Who is Sovereign? The People or the State?
My new and relatively brief (25 pages) essay, The People or the State?: Chisholm v. Georgia and Popular Sovereignty, is now available for download on SSRN. It is the basis of the John E. Sullivan Lecture I will be giving at Capital Law School in Columbus, Ohio on April 13th. In an important respect, the issue of sovereignty is the flip side of that of retained rights. What is remarkable about Chisholm is that an individual conception of popular sovereignty -- as opposed to a conception of popular sovereignty that is limited to democratic self-rule -- was not only alive in 1793, but well enough to support a 4 to 1 decision against the assertion of sovereign immunity by the State of Georgia. Here is the abstract:
Chisholm v. Georgia was the first great constitutional case decided by the Supreme Court. In Chisholm, the Court addressed the fundamental question: Who is Sovereign? The People or the State? It adopted an individual concept of popular sovereignty rather than the modern view that limits popular sovereignty to collective or democratic self-government. It denied that the State of Georgia was a sovereign entitled, like the King of England, to assert immunity from a lawsuit brought by a private citizen. Despite all this, Chisholm is not among the canon of cases that all law students are taught. Why not? In this essay, I offer several reasons: Constitutional law is taught by doctrine rather than chronologically; law professors have reason to privilege the Marshall Court; and the Court's individualist view of popular sovereignty is thought to have been repudiated by the adoption of the Eleventh Amendment. I explain why the Eleventh Amendment did not repudiate the view of sovereignty expressed in Chisholm by comparing the wording of the Eleventh with that of the Ninth Amendment, and conclude by suggesting another reason why Chisholm is not in the canon: Law professors follow the lead of the Supreme Court and, like the Ninth Amendment, the Supreme Court has deemed its first great decision too radical in its implications.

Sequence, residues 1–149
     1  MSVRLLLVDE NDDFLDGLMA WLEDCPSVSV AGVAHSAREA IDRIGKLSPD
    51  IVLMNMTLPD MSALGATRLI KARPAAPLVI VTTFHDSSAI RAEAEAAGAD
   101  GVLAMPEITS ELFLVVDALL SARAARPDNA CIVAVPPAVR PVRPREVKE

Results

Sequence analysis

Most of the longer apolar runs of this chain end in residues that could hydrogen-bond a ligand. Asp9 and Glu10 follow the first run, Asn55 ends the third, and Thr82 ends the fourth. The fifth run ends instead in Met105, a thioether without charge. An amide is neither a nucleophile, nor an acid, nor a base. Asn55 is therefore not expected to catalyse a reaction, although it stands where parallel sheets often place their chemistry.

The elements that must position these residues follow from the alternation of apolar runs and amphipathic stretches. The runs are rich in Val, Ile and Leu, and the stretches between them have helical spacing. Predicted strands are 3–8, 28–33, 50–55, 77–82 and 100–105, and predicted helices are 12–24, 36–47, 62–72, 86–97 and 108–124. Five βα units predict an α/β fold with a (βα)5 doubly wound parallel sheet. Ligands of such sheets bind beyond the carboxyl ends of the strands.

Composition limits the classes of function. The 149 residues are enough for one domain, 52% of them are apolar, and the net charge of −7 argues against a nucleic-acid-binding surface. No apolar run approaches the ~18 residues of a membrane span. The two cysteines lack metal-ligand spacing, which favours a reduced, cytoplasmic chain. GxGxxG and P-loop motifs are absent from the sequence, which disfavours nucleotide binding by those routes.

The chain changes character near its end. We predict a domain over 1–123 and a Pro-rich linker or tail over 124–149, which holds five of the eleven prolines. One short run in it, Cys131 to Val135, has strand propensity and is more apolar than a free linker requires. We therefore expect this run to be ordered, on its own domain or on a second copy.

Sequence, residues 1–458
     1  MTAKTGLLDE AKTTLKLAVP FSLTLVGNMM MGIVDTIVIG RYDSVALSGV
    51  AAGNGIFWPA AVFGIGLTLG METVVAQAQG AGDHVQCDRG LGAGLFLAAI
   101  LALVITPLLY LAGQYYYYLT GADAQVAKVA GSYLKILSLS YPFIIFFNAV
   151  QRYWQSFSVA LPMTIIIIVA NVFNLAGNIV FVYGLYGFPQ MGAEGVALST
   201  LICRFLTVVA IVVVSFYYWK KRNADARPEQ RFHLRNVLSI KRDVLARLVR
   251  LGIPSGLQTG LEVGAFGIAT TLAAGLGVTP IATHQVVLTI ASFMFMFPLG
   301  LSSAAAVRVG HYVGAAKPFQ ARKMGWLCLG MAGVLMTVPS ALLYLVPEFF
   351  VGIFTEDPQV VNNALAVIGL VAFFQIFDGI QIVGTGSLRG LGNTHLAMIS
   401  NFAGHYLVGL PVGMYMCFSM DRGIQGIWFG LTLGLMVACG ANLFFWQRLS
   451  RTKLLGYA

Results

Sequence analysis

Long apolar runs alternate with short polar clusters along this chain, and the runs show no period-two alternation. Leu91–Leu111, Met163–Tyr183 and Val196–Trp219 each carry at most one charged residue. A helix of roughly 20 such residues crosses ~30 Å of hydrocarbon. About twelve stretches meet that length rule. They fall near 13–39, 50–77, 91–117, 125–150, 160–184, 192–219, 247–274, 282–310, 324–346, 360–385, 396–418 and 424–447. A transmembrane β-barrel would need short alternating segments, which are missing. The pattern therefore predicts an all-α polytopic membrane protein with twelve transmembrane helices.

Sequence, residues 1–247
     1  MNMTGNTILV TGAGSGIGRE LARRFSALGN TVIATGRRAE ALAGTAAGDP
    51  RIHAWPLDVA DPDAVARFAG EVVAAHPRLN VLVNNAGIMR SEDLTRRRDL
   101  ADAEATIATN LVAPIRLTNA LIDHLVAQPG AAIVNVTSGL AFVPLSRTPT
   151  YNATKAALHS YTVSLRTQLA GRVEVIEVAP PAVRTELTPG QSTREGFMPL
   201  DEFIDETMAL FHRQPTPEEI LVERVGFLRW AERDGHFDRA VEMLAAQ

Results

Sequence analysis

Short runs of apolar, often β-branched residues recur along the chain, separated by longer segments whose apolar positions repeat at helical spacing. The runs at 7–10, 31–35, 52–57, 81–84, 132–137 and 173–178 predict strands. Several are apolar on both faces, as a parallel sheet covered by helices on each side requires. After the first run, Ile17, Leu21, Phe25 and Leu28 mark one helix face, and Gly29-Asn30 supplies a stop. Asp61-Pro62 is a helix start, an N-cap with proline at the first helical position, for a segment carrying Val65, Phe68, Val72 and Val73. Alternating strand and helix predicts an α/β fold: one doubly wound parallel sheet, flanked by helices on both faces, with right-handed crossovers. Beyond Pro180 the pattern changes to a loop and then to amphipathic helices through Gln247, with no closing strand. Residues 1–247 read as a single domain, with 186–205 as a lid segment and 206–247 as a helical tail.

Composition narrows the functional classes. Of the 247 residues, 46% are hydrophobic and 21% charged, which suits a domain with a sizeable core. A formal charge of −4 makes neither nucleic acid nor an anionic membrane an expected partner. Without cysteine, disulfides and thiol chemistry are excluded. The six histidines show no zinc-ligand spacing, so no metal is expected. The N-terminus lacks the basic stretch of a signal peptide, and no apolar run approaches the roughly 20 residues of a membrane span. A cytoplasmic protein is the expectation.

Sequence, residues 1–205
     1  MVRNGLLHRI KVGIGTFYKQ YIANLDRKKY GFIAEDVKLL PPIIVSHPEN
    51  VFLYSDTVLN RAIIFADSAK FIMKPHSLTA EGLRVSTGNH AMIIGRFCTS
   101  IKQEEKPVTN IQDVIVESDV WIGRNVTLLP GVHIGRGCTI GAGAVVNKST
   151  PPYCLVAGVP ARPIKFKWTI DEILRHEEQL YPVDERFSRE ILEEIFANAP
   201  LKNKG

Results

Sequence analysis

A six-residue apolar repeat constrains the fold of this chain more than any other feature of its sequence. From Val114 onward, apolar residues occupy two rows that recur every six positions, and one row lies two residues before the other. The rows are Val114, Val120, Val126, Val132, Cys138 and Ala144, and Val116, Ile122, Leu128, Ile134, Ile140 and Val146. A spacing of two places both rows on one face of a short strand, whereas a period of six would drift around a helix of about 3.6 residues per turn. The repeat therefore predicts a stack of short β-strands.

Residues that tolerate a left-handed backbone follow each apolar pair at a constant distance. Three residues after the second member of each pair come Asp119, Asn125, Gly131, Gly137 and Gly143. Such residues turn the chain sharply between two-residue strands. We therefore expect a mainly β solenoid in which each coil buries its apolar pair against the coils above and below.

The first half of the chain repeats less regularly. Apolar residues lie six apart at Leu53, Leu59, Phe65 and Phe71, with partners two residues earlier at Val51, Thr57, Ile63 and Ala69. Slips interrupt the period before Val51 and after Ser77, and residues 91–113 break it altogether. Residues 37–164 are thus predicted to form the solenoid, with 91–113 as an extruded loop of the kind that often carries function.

The piece will eventually appear in the Virginia Law Review and I have until the end of April to make substantive revisions. I should emphasize that it is merely suggestive and I cannot lengthen it by very much to address all the fundamental questions it raises. In it, I am merely throwing down a marker for my future writings, and eliciting a discourse that will affect how and whether I further develop the idea of individual popular sovereignty.